Refuting diplo-nonsense

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A rebuttal to Victoria University Professor Robert Ayson’s essay on the deployment of NZ troops to Iraq.

Victoria University Professor Robert Ayson has written an essay justifying New Zealand’s involvement in the new war in Iraq. His essay provides a liberal cloak for more Western aggression in the Middle East, and fails to acknowledge the hypocrisy of this new pseudo-humanitarian invasion. Such apologists are comprehensible in the military or corporate setting; but as an academic Professor Ayson is ostensibly interested in truth and understanding, not propaganda.

The professor says: “…one of the reasons why the anti-ISIL military coalition that New Zealand is joining is justified is because of the challenge to nearly universal values that ISIL represents.”

The central plank of his argument is that because of the behavior of ISIL, it is OK for New Zealand to join a US-led force into Iraq. His passing nod to the 2003 war is that the US invasion helped “create some of the conditions that ISIL has taken advantage of.” But fundamentally, he simply ignores the fact that the people who are leading this military intervention are war criminals directly responsible for creating the horror that the people of Iraq are now experiencing.

From 2003 until 2011, the US invasion and occupation led the deaths of between 135,716 – 153,318 people. Nearly all of these deaths would not have occurred if the US had not invaded Iraq. No one in the US administration has been held responsible for the war or for the murders of any of these people.

A massive report on the CIA’s use of torture throughout the war has had, as yet, no effect whatsoever on changing US policy, nor resulted in the criminal investigation of anyone involved. Let us not think Abu Ghraib, Guantanamo or “extraordinary rendition” as aberrations, but rather the normal course of US policy in the ‘war on terror’.

As importantly, the US has been carrying out an illegal and immoral drone war across the Middle East killing thousands of people. If we are to be indignant about the gruesome murder of Jordanian pilot Muath Al-Kasaesbeh then let us be equally indignant about each and everyone of the murders of children, woman and men, who are being burned to death by Hellfire missiles fired from US drones. “At least 2,464 people have now been killed by US drone strikes outside the country’s declared war zones since President Barack Obama’s inauguration six years ago,” reported the Bureau of Investigative Journalism.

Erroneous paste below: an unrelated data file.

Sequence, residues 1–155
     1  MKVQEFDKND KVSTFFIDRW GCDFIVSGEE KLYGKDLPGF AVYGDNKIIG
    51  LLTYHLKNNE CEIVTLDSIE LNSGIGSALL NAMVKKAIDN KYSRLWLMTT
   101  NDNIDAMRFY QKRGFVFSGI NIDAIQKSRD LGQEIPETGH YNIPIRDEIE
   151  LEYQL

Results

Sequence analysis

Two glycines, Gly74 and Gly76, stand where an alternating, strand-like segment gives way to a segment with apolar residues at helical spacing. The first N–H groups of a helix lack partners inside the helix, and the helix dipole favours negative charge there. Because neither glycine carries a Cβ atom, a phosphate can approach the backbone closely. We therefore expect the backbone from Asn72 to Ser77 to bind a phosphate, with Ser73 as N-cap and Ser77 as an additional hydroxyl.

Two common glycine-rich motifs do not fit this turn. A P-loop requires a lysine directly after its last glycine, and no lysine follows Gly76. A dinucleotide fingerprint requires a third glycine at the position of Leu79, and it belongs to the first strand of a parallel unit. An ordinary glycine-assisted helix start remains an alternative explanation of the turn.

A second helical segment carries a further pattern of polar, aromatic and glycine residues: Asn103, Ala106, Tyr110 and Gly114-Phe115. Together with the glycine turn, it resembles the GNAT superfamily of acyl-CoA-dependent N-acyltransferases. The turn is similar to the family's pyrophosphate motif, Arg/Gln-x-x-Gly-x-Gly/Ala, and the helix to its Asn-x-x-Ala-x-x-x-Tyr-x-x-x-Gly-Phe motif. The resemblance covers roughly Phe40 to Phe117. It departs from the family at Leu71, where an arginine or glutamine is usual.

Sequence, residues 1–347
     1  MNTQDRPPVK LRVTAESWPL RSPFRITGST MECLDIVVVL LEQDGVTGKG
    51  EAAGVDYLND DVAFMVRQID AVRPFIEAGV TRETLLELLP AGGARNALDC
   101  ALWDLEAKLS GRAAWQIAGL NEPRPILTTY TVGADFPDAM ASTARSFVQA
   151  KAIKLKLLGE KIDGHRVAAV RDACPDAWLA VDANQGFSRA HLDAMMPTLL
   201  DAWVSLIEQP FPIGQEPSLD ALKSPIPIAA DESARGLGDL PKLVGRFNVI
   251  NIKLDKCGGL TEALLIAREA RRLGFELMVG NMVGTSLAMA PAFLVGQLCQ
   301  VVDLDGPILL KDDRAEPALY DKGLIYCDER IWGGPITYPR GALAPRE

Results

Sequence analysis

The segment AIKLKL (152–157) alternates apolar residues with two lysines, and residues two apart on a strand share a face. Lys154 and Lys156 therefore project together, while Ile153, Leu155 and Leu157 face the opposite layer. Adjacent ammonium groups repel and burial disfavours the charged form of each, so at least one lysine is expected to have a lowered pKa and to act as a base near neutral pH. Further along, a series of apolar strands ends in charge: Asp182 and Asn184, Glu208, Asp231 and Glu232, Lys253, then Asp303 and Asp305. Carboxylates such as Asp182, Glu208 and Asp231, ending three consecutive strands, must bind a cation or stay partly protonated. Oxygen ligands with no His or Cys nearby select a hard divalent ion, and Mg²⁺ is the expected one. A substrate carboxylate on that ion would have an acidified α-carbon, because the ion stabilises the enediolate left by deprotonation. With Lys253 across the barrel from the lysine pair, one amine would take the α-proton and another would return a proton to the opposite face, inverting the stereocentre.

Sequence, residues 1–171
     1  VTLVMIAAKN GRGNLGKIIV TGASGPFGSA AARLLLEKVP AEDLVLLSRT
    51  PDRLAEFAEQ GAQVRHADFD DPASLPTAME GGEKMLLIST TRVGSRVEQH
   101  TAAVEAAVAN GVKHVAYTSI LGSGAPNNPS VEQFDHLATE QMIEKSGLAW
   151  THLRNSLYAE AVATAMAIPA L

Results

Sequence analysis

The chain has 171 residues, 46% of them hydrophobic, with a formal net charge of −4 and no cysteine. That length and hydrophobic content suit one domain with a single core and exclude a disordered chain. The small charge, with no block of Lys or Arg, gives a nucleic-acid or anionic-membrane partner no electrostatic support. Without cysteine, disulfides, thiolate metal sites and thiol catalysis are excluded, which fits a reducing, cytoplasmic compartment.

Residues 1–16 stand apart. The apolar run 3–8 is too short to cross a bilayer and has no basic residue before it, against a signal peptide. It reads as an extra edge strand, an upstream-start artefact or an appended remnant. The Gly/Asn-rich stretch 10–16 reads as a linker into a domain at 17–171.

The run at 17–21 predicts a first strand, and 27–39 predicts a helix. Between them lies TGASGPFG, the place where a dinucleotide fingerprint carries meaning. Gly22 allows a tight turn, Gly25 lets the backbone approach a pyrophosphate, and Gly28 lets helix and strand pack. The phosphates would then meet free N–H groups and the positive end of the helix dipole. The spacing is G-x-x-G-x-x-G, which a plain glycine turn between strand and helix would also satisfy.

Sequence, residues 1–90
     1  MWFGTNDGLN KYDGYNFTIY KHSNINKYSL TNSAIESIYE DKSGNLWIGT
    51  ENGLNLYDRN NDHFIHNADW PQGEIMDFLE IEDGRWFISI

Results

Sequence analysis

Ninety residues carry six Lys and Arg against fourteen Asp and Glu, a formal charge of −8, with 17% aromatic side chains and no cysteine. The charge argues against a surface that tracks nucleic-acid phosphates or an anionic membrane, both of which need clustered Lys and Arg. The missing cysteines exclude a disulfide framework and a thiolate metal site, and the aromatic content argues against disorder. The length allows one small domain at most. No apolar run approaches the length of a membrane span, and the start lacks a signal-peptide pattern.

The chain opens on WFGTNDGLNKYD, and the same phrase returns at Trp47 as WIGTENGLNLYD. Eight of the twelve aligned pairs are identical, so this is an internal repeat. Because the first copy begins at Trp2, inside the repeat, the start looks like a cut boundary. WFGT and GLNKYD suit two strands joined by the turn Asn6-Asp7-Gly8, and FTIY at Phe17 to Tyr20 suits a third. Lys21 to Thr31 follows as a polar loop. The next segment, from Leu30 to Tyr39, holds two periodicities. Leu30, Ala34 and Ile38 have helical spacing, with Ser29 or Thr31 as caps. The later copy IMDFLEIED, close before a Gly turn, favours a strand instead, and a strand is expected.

The US creation and on-going support for a sectarian Iraqi government responsible for death squads also receives no comment from the Professor.

Professor Ayson goes on to elaborate: ‘And this brings us to the national interests that should be motivating New Zealand’s concern about ISIL internationally and its commitment to the coalition,’ where he lists six reasons why New Zealand has an interest in going to the Middle East. Tellingly, not one of those reasons is economic interest.

Instead, Professor Ayson takes us on a selective journey through New Zealand’s foreign policy history and international affairs in justifying his support of the new war.

His first point is that New Zealand has “an interest in the preservation, where it is possible, of the idea that recognized nation states (like us) retain a domestic monopoly on the use of force and that non-state groups (like ISIL) are denied that opportunity.”

Non-state groups in a civil war are exactly the people that Professor Ayson is talking about. New Zealand does not actually have some objective interest in a theoretical sense in states maintaining a monopoly on the use of force, but rather, it has an interest in states that ‘we’ like having a monopoly on the use of violence. ‘Non-state groups’ are not just ISIL, but are the Kurds, the opposition to Bashir al-Assad and the old Afghan mujahidin. They would equally well have been the Republicans in the Spanish Civil War. The US government routinely funds and arms opposition groups—particularly in South American countries with left-wing leaders—often creating the very situation where such ‘non-state groups’ can effectively challenge the monopoly of violence in a given nation-state.

Ayson goes on with more false generalisatons: “A second is that we have an interest in the preservation, where it is possible, of the international boundaries which separate one nation state from another and in preventing armed groups from violating those points of demarcation. The caliphate idea of ISIL is a direct challenge to this standard.”

Preservation of boundaries in our interest, he says, yet not one word of condemnation of the Indonesian government’s acts in West Papua has ever been issued by the New Zealand government. Nor do we hear any strong diplomatic speak about illegal Israeli settlements in the West Bank accompanied by violent settlers. Where is all the outrage about violations of boundaries? If ‘we’ have these ‘interests’ then why isn’t someone standing up for them? Rather it is because we in the West use such border violations as and when they suit our needs, not because of some objective interest in them.